New Technologies Changing Research Practice in Antarctica, by film student Darrel Gordon


Professor Oscar Schofield describing new ocean technologies

The scene that I am shaping for the Beyond the Ice documentary project centers around Oscar Schofield, one of the LTER’s head scientists. Oscar’s research focuses on observing microscopic organisms called phytoplankton.  He works with the LTER network by analyzing the effects of climate change on the phytoplankton population and the food web built around it.

Oscar enthusiastically participated in several interviews and scenes while on the ship, and continues to assist the project now by providing scientific lectures as well as additional interviews.  I’ve specifically been handling the footage from the voyage concerning the Rutgers glider robots.  These technological marvels are deployed in the Antarctic to collect massive amounts of information regarding the physical and biological properties of the environment and their trended change.  The gliders are able to cover larger areas of the ocean with less risk and menial labor for the scientists.  In my footage Oscar details how researchers are using innovative strategies to more efficiently use this technology.  They’ve started to tracking penguins and other animals using radio transmitters and sending the gliders to follow them.  Essentially allowing these animals to lead the glider fleet allows the researchers to analyze the biological hotspots that the creatures intuitively navigate to, which allows them to collect more relevant data.  These gliders are changing the face of environmental research, and in the future will allow scientific data like these to be shared among the public.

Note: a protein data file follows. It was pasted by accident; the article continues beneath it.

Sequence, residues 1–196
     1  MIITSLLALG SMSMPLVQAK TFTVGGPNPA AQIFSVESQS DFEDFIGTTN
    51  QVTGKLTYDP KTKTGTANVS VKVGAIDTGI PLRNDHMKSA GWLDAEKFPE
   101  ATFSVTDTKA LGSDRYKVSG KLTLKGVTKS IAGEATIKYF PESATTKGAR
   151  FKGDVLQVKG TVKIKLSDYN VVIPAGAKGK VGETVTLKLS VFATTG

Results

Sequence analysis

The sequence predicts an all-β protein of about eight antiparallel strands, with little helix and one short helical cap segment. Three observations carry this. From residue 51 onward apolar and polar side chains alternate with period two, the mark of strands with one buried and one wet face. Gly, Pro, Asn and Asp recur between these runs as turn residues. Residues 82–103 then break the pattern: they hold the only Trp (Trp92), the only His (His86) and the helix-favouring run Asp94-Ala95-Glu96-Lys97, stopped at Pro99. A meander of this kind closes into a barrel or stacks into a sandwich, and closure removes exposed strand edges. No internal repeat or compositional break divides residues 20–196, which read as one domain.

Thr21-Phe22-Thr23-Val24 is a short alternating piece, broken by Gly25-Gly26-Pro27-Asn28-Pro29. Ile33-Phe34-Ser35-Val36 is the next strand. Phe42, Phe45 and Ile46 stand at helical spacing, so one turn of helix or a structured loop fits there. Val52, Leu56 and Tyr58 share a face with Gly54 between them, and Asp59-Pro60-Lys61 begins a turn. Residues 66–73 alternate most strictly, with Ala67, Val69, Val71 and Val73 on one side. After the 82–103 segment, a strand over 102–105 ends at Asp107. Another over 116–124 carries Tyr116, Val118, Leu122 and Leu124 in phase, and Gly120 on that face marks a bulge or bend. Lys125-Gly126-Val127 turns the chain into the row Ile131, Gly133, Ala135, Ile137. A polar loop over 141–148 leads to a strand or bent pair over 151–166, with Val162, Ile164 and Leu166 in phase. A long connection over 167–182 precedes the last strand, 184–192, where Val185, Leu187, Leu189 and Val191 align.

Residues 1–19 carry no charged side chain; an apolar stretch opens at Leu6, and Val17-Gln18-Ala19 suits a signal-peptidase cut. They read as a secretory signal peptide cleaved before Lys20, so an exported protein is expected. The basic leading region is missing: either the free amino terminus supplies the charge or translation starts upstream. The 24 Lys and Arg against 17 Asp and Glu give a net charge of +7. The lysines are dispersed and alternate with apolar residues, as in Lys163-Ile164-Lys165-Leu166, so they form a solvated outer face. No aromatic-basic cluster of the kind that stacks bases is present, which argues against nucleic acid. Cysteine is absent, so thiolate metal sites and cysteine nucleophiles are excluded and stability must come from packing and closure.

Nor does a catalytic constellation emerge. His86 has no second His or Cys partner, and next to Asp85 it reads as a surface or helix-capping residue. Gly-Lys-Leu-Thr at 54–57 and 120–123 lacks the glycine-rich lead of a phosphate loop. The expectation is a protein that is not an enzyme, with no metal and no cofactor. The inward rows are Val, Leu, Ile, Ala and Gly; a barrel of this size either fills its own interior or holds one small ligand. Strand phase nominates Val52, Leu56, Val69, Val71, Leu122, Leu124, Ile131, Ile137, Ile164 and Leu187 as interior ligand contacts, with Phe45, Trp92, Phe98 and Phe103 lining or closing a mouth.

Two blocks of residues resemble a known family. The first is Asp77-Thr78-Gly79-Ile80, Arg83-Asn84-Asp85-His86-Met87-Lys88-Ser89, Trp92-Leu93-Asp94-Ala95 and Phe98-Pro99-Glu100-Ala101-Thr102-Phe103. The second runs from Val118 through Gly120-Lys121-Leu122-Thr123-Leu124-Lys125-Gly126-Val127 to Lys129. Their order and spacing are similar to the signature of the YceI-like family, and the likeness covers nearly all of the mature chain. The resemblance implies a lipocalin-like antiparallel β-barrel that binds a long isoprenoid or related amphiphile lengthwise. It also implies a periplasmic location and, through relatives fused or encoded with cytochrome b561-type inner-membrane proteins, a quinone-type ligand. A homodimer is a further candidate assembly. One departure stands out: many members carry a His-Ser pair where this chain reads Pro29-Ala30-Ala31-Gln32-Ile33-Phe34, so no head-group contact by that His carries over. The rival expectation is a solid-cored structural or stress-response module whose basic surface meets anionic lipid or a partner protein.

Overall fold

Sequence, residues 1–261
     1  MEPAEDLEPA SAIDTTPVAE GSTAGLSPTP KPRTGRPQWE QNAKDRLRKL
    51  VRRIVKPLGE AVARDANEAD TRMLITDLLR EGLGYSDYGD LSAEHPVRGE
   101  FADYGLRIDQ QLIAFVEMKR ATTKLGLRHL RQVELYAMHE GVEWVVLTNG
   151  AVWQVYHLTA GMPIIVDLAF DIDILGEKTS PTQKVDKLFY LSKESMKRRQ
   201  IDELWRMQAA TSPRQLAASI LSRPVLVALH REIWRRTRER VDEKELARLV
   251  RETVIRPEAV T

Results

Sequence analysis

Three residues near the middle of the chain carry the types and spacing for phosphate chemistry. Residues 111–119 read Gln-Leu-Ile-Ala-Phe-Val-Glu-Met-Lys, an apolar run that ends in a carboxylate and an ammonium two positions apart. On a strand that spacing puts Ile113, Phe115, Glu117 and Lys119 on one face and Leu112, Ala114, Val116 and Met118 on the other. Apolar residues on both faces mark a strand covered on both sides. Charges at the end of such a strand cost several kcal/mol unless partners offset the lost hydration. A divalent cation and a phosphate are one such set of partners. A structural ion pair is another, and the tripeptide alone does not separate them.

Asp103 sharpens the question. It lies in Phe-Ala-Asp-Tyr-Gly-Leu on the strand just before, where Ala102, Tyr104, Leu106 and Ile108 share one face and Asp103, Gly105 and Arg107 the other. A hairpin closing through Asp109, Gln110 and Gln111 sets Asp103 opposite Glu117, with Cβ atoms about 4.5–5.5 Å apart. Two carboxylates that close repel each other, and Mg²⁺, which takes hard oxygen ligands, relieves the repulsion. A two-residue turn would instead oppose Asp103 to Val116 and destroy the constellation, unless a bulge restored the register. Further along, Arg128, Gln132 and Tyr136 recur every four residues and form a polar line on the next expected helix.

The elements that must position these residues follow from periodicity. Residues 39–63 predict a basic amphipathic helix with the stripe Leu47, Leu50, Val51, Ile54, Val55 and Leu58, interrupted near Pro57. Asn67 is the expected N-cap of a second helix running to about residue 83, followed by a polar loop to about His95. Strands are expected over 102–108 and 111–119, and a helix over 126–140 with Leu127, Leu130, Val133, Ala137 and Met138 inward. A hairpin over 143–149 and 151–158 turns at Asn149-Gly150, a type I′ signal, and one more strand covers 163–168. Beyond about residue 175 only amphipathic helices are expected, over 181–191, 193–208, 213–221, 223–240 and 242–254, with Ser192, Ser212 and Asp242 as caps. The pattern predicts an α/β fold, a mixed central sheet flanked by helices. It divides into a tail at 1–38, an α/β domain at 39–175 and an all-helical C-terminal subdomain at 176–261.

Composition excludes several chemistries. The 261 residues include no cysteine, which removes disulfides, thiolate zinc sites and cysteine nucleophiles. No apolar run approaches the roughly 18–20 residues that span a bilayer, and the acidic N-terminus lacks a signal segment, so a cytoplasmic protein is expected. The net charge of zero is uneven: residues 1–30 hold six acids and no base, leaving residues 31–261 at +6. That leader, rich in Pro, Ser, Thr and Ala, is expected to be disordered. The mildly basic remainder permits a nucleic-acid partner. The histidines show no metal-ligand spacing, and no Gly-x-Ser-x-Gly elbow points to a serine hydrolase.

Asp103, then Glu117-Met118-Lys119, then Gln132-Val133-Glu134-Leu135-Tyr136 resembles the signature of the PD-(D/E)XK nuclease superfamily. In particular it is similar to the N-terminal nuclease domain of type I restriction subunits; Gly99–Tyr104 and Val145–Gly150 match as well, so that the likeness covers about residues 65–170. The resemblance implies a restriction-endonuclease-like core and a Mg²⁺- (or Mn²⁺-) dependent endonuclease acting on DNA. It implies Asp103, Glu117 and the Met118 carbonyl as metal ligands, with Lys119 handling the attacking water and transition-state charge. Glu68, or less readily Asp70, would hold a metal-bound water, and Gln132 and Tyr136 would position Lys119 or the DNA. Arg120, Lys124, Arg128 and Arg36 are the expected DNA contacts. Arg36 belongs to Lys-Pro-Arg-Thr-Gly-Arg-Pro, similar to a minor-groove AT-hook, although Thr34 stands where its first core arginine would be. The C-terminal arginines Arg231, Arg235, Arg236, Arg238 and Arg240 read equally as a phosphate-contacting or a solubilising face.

Working on Beyond the Ice has basically defined hands on learning for me.  Being able to hone my production and communication skills while contributing to such an important project is not only fun, but makes me feel like my work will make a difference.  I enjoy this project personally because it combines so many of my many interests.  I get to film and edit video, use story telling techniques to communicate concepts, learn about cutting edge scientific research, help educate the public, encourage social and policy change and hopefully help the global community.  And what’s great is that I am given so much creative freedom while still working closely and cooperating with a motivated team of students and staff.  I think that universities need more programs like this that afford real experience alongside formal education to engage students.  I’m sure coordinating such programs isn’t easy, but it’s something that I think they could strive towards.